Two good recent reads: The Immortal Life of Henrietta Lacks by Rebecca Skloot and God Don’t Like Ugly by Mary Monroe. Both give insight into a world that white people may not consider, even if they think of themselves as fair-minded.

  10. Balisue says:

    Hi Mirth, back in LA recovering from over-inspiration at NN in Vegas – were you there? I have not yet read “..Racing” but have just ordered it for my Kindle so it will arrive in a second or so…. Not sure if we are really twins, but there is a great potential….!

  11. Change1mood says:

    I’ll add the wonderful musical “Title of Show” by Hunter Bell and Jeff Rosen. It’s a down the rabbit hole meta musical that gets to me each and every listen.

    For fiction, try the Jasper Fforde “Thursday Next” detective series. Well, there’s a detective story, but what it conjures is a trip through the classic novels in English with a warped sense of humor. I particularly like the audience participation Shakespeare. :-)

  12. JamesR says:

    Traditional British boarding school conflict resolution, nixed alas. ROFL indeed, thanks.

    Reminiscent of my favorite “Star Trek + Nine Inch Nails = Closer” [fan fiction to a favorite song, with original NSFW lyrics so don’t blast it in mixed company, sotospeak.]

  13. JamesR says:

    This could be a great thread-category-whatever, I have enjoyed the previous posts.Hope it catches on. I will begin by posting randomly two things I like and recommend:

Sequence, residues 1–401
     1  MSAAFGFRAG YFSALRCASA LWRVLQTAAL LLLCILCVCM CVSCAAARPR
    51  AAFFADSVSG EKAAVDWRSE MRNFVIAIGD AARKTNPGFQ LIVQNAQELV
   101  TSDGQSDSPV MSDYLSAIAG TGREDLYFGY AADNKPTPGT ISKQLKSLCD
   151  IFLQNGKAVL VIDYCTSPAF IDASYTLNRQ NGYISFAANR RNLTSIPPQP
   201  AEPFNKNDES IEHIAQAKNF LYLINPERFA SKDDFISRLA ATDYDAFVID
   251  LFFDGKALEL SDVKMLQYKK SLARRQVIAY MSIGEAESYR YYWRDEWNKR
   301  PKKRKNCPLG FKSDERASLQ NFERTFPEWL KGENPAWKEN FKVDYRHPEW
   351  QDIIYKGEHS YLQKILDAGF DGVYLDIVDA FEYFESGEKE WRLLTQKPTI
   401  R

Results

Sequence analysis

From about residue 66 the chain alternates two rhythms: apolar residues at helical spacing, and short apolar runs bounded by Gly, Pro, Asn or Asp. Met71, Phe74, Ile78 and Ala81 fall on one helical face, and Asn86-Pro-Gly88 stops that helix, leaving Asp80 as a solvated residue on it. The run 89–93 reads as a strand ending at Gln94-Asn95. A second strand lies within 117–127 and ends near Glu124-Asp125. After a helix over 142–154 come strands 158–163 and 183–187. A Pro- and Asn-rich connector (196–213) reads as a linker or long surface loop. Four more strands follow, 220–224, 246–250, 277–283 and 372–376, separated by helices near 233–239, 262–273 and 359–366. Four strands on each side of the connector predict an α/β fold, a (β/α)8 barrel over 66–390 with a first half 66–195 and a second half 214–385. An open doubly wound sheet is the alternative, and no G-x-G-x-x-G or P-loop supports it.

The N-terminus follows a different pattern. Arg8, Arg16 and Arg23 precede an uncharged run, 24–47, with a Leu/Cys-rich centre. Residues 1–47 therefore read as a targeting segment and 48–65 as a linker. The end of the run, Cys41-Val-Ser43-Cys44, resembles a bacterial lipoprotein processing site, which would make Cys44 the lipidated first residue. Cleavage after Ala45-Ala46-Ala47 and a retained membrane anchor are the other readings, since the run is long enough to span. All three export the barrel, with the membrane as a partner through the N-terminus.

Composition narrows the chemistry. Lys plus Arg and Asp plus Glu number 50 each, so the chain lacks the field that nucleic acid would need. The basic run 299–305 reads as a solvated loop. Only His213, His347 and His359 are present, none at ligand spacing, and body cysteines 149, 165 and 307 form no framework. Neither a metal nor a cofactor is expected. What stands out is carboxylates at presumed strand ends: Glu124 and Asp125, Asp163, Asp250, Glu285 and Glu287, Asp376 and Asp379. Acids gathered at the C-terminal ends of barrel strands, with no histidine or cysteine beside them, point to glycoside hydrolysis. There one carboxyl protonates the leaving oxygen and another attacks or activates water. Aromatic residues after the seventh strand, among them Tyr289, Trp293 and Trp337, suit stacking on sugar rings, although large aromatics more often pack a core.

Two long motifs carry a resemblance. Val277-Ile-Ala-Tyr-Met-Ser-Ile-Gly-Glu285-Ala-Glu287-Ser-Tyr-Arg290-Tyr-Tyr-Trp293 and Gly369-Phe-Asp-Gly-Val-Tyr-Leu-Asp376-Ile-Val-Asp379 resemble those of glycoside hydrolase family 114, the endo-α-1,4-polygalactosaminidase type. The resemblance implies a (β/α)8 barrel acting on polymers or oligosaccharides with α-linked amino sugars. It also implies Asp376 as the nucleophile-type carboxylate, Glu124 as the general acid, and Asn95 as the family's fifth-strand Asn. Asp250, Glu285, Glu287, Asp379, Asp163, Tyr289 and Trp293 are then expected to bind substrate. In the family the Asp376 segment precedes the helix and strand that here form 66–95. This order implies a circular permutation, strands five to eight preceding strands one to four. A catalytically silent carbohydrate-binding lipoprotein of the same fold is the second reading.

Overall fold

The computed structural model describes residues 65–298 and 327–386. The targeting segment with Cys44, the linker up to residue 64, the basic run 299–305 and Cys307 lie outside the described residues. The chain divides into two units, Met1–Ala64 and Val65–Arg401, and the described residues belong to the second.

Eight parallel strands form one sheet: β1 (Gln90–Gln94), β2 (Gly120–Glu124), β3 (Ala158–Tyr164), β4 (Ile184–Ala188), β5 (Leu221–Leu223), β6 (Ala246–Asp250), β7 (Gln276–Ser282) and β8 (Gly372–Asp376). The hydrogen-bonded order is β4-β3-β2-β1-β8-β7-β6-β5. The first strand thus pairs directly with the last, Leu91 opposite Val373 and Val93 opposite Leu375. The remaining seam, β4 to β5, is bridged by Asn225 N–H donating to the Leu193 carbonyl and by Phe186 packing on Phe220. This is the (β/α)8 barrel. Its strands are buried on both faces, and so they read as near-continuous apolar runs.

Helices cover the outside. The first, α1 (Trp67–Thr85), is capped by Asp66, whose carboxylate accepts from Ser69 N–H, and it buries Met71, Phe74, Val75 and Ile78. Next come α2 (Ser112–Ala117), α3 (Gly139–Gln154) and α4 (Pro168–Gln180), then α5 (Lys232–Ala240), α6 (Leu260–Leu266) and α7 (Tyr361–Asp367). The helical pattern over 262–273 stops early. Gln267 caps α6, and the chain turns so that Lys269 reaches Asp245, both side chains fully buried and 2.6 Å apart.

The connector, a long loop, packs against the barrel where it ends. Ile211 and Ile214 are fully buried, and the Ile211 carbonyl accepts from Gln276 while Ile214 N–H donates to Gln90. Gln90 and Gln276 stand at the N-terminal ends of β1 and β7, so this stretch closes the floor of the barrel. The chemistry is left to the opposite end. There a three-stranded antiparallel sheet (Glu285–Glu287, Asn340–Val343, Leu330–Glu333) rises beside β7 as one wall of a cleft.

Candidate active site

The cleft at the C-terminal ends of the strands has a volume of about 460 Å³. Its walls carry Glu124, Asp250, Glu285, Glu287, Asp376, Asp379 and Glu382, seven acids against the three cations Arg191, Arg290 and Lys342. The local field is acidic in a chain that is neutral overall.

A blog, one of my favorites “Things You Would Not Know If We Didn’t Blog Incessantly.” Eclectic, referenced, civilized, interesting: [It’s not mine, I just found it and like it.]

    A movie “Hirsute” – an excellent short sci-fi film 14 minutes long. Time travelly, geeky, a bit gay, different and unique. Google it for more teasers I am simply recommending it w/o spoilage.


  14. janinsanfran says:

    These days, I’m recommending The Immortal Life of Henrietta Lacks, a book that carries us inside the dysfunctional relationship between our unequal society and its scientific achievements. Very complex.

    Jan, on this thread, personal blog posts are not appropriate; however, here is a link to the book you are recommending and thanks for it:

  15. mirth says:

    I’m glad you like this Ab addition, Balisue, and I’ve very much enjoyed your contributions. I’m envious of your interaction with Mr. Hamid. I have his Moth Smoke on order.To know if we are twins, have you read The Art of Racing in the Rain, and if so did you think it exceptionally endearing and REALLY LOL? True it’s a tad cliched, but only just and of no disturbance to the marvelous-told story.

  16. Balisue says:

    well, dang, mirth… this book is one of my favorites, too. It throws our prejudices and our assumptions in our faces… I am living in Bali, (a Hindu island in a muslim country) and author Hamid came to our Ubud Writers Festival a couple years ago….

    love the irecommends…. thanks for doing this..

  17. mirth says:

    Just today I finished reading The Reluctant Fundamentalist, by Mohsin Hamid.”At a café table in Lahore, a bearded Pakistani man converses with an uneasy American stranger. As dusk deepens to night, he begins the tale that has brought them to this fateful encounter…a riveting, brilliantly unsettling exploration of the shadowy, unexpected connections between the political and the personal.” “…an intelligent and absorbing 9/11 novel.”Reviewers use these words: elegant, brilliantly written, taut, enormous tension, subversive.I will say it’s the most chilling story that I have read in a very long time. In its slim 184 pages it defines the genre Thriller.Also: America, get ready for some truths.One more: gawdalmighty I love the English language as expressed by non-Americans!

  18. naschkatze says: